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Am J Physiol. 1994 Aug;267(2 Pt 2):H821-7.

Reflex stimulation of cardiac sympathetic nerve activity during static muscle contraction in cats.

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  • 1Department of Physiology, University of Texas Southwestern Medical Center, Dallas 75235.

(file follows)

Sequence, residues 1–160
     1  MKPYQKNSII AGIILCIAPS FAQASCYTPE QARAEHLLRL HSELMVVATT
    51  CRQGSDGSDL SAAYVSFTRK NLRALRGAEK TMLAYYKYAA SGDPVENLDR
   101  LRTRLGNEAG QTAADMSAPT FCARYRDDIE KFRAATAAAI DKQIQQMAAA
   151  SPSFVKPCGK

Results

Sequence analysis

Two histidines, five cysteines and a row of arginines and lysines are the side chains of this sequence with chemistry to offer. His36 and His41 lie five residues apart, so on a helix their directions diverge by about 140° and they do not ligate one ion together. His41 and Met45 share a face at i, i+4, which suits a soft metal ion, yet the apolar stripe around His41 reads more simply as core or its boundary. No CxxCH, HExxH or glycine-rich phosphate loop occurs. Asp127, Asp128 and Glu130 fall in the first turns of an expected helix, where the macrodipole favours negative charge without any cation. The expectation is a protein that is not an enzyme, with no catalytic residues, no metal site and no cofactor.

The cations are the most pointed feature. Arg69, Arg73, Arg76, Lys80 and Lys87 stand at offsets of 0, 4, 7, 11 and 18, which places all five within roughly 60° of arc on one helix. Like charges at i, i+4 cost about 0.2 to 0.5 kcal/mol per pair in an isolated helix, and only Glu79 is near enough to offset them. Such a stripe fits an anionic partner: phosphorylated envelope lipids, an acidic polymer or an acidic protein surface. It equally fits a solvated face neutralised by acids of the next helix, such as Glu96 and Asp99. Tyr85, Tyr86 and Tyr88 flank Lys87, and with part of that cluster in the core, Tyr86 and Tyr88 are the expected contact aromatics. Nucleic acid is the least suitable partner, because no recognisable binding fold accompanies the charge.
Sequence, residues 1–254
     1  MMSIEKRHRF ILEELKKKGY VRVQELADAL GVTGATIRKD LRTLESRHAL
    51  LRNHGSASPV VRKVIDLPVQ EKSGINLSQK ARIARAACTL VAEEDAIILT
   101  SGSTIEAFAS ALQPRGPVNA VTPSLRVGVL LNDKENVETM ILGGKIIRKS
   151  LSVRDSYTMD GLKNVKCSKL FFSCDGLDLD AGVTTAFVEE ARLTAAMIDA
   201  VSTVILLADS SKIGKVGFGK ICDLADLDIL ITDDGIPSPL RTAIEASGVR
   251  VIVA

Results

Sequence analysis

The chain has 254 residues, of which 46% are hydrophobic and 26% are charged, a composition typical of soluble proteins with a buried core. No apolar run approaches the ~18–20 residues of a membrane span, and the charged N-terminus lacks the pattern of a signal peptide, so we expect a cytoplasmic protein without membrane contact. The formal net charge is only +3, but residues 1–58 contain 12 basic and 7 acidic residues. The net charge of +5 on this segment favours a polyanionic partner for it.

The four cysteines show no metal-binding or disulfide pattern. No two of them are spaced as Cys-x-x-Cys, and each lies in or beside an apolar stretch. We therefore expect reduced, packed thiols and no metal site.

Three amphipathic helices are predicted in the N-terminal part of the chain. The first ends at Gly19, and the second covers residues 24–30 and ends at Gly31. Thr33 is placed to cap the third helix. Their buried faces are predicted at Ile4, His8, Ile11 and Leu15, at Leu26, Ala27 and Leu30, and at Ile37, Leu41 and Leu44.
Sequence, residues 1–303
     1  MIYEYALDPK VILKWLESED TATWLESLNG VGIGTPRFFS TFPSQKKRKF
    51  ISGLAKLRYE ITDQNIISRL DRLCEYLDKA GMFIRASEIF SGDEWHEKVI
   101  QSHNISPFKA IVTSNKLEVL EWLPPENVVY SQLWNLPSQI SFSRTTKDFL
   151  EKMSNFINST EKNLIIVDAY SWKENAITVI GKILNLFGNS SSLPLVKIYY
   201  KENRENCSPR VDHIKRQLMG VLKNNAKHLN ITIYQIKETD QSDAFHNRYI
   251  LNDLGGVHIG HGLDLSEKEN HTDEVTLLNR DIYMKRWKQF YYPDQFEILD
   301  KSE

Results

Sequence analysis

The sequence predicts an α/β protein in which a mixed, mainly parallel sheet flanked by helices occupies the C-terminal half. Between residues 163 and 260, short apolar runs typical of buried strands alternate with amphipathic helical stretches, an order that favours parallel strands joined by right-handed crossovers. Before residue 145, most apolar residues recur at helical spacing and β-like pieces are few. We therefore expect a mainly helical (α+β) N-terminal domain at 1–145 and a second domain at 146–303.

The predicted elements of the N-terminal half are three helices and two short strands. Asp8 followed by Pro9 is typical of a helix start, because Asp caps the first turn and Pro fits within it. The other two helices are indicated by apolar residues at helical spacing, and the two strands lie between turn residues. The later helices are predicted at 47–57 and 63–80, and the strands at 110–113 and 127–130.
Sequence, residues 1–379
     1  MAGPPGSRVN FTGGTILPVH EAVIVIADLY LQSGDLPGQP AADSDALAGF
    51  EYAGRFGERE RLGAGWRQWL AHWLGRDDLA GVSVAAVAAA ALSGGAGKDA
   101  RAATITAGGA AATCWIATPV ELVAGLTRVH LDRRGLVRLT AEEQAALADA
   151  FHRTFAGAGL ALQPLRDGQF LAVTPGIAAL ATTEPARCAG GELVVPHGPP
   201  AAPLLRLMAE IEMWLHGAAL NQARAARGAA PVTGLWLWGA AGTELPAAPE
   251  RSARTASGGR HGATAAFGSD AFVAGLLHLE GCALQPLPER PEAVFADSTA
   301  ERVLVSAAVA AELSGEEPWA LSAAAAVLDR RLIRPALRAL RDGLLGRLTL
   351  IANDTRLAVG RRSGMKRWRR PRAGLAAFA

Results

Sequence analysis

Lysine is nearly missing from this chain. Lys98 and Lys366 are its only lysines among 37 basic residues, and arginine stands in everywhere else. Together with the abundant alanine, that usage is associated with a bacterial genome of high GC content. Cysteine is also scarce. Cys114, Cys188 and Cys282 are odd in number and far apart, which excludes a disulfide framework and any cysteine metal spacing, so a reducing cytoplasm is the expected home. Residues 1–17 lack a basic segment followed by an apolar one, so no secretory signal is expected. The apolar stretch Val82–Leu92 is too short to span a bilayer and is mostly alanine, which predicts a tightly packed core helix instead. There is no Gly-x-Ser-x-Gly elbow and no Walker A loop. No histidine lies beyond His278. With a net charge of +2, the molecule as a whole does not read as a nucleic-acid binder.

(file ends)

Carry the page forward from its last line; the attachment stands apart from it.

Reflex response of cardiac sympathetic nerve activity (CSNA) during static contraction of the triceps surae muscle was studied using anesthetized cats. A 1-min contraction was evoked by stimulating the peripheral ends of the cut L7 and S1 ventral roots. CSNA increased 48 +/- 13% immediately after the onset of contraction, which was abolished by cutting the L4-S1 dorsal roots. This rapid increase in CSNA preceded rises in heart rate (13 +/- 1 beats/min) and arterial blood pressure (33 +/- 6 mmHg). When tension development was altered by changing the frequency of ventral root stimulation or the initial muscle length, the CSNA increase depended on the tension developed. Passive stretch of the muscle, which primarily activates mechanoreceptors, increased CSNA by 41 +/- 22%. When the contraction was sustained for 5 min, CSNA remained elevated throughout the contraction despite a fall in tension, suggesting that the later increase in CSNA is caused by factors other than a mechanical event of contraction (e.g., metabolic products). Thus it is suggested that cardiac sympathetic outflow is stimulated due to a reflex arising from the contracting muscle. The increase in CSNA at the initiation of contraction is likely to be caused by a reflex from muscle mechanoreceptors, which is followed by a subsequent increase due to a reflex from muscle metaboreceptors.

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